Hands-on Science: Teaching Children How to Observe Nature

http://www.tricklecreekbooks.com/

by Toni Albert, M.Ed., Trickle Creek Books

Nature is a perfect laboratory for learning about our world. Exploring nature awakens children’s curiosity and sense of wonder and in a very “natural” way, introduces them to science and the scientific method. Learning to be observant – and more observant – leads to asking questions, doing research, making predictions, designing experiments, and drawing conclusions. And there you have it – a young scientist!

When I was writing a series of four EcoJournals with nature activities for exploring each season, I walked every day for a year through our woods, around the pond, and beside a little creek with a notebook and pencil in my hand. I was teaching myself to observe the tiny, subtle changes that occur as the seasons progress. Almost unconsciously, I practiced the steps of the scientific method, not in a fixed sequence, often repeating and refining a step, but consistently making discoveries and gaining new information.

Activities for children to help them become more observant:

It’s fun to run through a field, scramble up rocks, crash through the underbrush, or splash in a creek, but that’s not the best way to explore nature. Practice moving quietly. Sit still in one place for at least five minutes.

Keep all of your senses alert. Listen to the sounds around you. Breathe deeply and notice different smells. Look around you and observe details. Touch the bark of trees, fuzzy moss, smooth stones.

Look at a familiar place in a new way. Look at the scene upside down. Or concentrate on looking at shadows. Or look through colored glasses or colored cellophane. Look through a camera lens or binoculars. Did you see anything you hadn’t noticed before?

Look for signs of animals: Tracks, feathers or fur, nests, holes in trees or in the ground, narrow trails, bones, droppings, chewed nutshells, stripped plants, etc. Make a list of the signs of animals that you observe. What animals do you think were there?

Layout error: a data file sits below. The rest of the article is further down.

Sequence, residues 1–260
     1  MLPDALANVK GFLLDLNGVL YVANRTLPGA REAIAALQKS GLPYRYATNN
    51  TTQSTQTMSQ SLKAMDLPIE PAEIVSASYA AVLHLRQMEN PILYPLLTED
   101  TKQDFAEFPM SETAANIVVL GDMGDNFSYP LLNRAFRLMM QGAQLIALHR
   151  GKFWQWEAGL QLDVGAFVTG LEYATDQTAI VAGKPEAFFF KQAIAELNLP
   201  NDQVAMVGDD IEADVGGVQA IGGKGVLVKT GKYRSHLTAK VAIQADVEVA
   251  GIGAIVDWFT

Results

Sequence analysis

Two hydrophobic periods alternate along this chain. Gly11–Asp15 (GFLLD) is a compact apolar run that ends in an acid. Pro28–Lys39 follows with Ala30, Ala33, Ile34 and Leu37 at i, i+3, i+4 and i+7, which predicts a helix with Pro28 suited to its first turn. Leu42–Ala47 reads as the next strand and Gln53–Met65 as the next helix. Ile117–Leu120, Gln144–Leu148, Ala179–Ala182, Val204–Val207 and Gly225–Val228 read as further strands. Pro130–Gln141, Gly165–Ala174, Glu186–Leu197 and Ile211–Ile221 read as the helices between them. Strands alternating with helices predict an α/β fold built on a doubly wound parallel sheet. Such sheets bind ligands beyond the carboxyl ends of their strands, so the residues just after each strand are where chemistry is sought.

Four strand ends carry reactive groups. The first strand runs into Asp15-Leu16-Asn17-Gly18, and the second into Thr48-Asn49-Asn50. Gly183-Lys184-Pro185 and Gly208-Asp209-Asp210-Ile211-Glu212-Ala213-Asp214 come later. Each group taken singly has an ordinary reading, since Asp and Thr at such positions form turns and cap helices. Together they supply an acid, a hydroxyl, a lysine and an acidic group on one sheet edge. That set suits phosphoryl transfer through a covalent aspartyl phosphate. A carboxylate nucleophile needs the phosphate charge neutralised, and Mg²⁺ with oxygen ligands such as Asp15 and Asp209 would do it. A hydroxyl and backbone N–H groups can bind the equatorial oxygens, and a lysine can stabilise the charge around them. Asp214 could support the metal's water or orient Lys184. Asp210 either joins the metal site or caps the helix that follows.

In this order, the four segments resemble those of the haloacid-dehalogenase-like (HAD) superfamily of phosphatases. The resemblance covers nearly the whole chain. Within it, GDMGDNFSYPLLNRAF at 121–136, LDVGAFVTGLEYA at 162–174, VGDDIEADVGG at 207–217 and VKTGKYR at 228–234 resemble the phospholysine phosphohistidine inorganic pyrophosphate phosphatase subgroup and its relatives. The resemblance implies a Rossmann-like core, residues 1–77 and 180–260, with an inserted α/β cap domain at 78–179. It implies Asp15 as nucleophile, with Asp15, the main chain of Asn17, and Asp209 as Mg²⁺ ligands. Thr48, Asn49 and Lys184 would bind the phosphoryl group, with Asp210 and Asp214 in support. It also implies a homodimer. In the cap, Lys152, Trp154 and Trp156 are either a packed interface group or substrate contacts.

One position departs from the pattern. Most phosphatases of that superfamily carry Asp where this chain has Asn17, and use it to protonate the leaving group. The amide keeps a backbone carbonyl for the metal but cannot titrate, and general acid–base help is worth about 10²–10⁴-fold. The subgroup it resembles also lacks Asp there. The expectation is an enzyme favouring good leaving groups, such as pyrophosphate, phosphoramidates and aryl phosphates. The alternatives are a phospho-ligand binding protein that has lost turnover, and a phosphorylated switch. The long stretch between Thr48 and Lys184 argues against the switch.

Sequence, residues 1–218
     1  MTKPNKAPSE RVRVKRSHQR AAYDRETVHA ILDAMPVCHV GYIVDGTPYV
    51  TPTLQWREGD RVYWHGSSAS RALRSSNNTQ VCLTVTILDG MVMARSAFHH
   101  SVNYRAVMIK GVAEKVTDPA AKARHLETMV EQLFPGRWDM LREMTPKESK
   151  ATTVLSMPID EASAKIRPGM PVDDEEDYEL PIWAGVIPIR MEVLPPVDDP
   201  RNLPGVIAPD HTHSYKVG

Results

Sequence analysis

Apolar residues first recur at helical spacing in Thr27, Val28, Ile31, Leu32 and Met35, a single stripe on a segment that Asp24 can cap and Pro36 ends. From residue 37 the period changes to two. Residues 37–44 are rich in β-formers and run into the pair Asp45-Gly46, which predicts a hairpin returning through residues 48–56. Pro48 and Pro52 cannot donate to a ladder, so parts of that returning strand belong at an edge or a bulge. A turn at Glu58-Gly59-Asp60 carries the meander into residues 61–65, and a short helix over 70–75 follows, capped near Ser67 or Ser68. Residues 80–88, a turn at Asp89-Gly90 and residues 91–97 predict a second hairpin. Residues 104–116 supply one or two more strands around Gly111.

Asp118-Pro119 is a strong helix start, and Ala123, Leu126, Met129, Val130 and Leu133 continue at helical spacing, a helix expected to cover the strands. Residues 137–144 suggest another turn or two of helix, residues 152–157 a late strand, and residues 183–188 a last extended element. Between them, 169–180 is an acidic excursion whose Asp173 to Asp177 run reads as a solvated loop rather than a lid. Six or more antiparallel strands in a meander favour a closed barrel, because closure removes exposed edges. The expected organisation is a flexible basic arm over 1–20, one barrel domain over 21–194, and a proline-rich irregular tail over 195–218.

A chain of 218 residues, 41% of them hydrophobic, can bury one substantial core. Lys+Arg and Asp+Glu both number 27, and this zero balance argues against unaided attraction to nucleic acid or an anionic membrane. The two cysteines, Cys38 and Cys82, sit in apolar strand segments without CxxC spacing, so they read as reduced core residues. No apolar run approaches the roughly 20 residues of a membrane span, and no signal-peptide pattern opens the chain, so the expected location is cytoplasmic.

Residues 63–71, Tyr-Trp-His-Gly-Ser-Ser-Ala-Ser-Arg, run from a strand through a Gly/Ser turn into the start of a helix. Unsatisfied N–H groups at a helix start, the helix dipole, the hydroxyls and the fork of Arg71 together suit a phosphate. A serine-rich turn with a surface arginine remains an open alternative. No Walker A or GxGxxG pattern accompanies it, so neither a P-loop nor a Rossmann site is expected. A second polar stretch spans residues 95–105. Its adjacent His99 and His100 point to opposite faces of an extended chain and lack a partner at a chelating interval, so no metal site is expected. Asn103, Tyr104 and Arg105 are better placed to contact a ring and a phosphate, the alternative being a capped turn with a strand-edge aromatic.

Keep a nature journal. Record anything interesting that you see outdoors, such as a tiny red mushroom or a spider web stretched between two trees.

Take photos or make sketches to add to your nature journal. When you study something through the viewfinder of a camera or look closely at details in order to draw it, you will really see it.

Create a list of interesting things you’ve seen outside (an orange leaf, lichen, a black stone, etc.) and invite your friends to have a scavenger hunt. Give each person a copy of the list and see who can find the most objects on the list in 15 minutes.

Take a tiny plastic bag (the kind that holds an extra button when you buy a new shirt) and fill it with tiny treasures, such as a berry or a miniature flower. This will force you to look closely.

Look at the same tree every day for a week or two. In spring, observe the appearing of buds, flowers, and leaves. Measure the growth of a single leaf. In fall, watch the progress of coloring, fading, falling leaves. Look for nests, insects, and cavities. Look at the bark, the shape of the leaves, and the branching of the tree. Identify your tree with a field guide to trees.

When observation becomes scientific

When children are given direction, they are usually excellent observers of nature. They may hone their observation skills by keeping records (time, date, place, weather) and including measurements, counts, photos and sketches, and written comments. When their observations prompt interesting questions and experiments, they are fully ready to use the scientific method of inquiry.

Toni Albert, M.Ed., is the author and publisher of books that “teach kids to care for the Earth.” – TrickleCreekBooks.com

Author: Michael Leppert

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